A new benchmark suite for automotive microcontrollers responds to a change in chip architectures while also focusing on power consumption. The test, developed with support from Volkswagen and a number of semiconductor suppliers, focuses on the peripherals that surround microprocessor cores while also giving engineers a way to compare the power consumption of different microcontrollers.
The Embedded Microprocessor Benchmark Consortium (EEMBC), which has provided an automotive benchmark suite since the late 1990s, unveiled its new test suite in May. It was developed by a working group chaired by Volkswagen with support from 11 top-tier semiconductor vendors including Freescale, Fujitsu, Infineon, Microchip, NXP, Renesas, STMicroelectronics, and Texas Instruments.
The new benchmark suite addresses a change that has occurred in recent years as automakers have taken more of a systems approach based in part on the high integration levels of microcontrollers. The circuitry around the microprocessor cores is at least as important as the core itself. That made it necessary to develop a more flexible follow-on to EEMBC’s existing AutoBench test suite, which focused only on cores.
“We still need to benchmark the cores, but intelligent peripherals are where a lot of other intellectual property is invested these days,” said EEMBC President Markus Levy. “With peripherals, you can’t just write generic code, the CAN techniques for one company are different from those at another company. We’re doing more at the system level.”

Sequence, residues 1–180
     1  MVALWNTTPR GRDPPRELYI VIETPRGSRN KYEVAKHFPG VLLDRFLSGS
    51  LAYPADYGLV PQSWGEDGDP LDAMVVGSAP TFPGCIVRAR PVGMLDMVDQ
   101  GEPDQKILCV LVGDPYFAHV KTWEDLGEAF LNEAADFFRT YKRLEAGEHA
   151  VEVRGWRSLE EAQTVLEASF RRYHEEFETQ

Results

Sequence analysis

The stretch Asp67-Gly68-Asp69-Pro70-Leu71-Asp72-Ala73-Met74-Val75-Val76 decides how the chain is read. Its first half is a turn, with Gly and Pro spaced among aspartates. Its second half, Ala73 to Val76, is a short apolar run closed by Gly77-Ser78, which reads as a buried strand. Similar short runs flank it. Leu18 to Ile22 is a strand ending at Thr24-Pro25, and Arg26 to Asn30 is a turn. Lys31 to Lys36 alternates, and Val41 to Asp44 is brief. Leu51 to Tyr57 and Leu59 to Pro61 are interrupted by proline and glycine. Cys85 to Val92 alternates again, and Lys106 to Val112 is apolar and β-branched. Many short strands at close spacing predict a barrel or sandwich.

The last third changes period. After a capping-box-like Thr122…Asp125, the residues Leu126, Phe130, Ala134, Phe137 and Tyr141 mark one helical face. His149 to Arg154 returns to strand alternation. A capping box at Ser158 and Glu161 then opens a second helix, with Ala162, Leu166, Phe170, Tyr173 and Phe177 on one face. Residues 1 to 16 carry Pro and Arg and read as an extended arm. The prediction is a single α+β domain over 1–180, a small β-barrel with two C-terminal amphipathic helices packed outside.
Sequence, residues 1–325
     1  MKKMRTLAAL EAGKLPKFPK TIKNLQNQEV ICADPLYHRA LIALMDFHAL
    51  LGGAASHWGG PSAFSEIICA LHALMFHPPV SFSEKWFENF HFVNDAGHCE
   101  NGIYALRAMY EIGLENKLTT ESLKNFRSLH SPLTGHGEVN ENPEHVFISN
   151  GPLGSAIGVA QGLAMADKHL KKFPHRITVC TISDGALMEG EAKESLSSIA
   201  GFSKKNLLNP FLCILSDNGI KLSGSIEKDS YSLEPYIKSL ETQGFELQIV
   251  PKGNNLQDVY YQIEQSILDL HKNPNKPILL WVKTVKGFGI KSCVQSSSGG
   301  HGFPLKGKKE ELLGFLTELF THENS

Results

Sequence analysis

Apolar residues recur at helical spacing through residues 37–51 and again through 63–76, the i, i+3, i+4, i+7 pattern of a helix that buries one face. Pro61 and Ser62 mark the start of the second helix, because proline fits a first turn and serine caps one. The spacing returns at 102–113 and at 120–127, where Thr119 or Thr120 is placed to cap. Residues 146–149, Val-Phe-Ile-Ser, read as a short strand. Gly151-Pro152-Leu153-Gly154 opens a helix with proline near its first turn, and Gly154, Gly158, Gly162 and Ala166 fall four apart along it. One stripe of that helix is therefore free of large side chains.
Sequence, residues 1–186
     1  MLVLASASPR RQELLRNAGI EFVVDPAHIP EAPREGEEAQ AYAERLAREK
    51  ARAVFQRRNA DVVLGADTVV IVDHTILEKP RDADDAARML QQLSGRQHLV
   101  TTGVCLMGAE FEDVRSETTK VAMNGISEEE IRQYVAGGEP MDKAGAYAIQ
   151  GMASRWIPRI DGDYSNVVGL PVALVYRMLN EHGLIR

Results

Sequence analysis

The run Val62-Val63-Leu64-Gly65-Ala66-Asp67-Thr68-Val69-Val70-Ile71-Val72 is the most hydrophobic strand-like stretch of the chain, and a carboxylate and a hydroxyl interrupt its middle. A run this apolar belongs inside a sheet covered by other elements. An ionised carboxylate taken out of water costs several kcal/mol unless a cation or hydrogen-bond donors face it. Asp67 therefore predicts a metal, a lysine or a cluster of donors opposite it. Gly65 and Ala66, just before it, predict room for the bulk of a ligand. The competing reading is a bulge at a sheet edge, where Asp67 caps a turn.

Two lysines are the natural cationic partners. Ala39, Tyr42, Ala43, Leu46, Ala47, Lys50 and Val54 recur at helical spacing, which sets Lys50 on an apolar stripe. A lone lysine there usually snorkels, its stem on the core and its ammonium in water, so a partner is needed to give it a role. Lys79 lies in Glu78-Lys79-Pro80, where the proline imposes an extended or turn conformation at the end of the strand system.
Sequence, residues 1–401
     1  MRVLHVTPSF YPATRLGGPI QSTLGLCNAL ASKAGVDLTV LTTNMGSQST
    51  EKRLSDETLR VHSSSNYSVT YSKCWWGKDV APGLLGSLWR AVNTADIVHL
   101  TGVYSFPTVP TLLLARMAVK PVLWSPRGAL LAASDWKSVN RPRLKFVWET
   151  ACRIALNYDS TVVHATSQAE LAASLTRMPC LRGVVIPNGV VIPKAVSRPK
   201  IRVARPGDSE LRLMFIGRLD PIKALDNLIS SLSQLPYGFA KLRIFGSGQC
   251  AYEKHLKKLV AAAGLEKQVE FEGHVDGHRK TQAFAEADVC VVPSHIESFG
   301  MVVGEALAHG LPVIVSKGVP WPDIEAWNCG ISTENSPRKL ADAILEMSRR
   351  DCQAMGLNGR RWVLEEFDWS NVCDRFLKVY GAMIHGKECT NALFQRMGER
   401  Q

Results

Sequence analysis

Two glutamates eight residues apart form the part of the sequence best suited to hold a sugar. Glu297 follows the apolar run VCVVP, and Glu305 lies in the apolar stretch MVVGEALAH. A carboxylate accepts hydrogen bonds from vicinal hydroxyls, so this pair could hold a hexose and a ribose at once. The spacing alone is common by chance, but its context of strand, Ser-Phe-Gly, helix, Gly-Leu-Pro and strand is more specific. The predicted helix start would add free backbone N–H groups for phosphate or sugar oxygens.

Currently, EEMBC is using a National Instruments PXI Chassis with a CAN (controller area network) module to develop LAN (local area network) packets. Once the CAN version is completed, EEMBC plans to expand the peripherals list by addressing pulse width modulation (PWM), analog to digital converters (ADCs), FlexRay, and universal asynchronous receiver/transmitters (UARTs).
A key aspect of the new test suite is its versatility. It will be able to test a range of peripherals, helping engineers choose microcontrollers using identical parameters.
“The requirements for a door lock controller and an instrument cluster controller will be quite different, with different peripherals,” Levy said. “We’re building in flexibility so Tier 1s and OEMs can specify how they want the benchmark to run. Today, everyone does proprietary testing to compare parts; there’s no apples-to-apples comparison. We provide a standard methodology.”
The new test also focuses on power consumption. Individual tests of the microcontroller measure the power consumption of the CPU (central processing unit) and peripherals under various loads, the amount of time that it spends in low-power modes under various CPU/peripheral loads, and the time required to wake the MCU (microcontroller unit) from its various low-power states to resume processing. The working group plans to align the benchmark suite with AUTOSAR.
“If a trunk latch controller continuously polls the network instead of waiting for a wake-up command, it will take a lot more power,” Levy said. “If you’ve got 20-30 or more controller each doing small functions, this can add up to put a fair draw on the alternator. If companies can optimize this power consumption easily, they might as well do it.”
Levy noted that more automakers and semiconductor suppliers are likely to join the effort now that it’s gone public. Not surprisingly, Volkswagen plans to implement the benchmark it helped develop.
“Following completion of this new benchmark suite, we will demand the Tier 1 suppliers and semiconductor vendors to provide results for the microcontrollers that will be integrated into the next generation of electronic modules,” said Volkswagen’s head of electric and electronic development, Dr. Volkmar Tanneberger.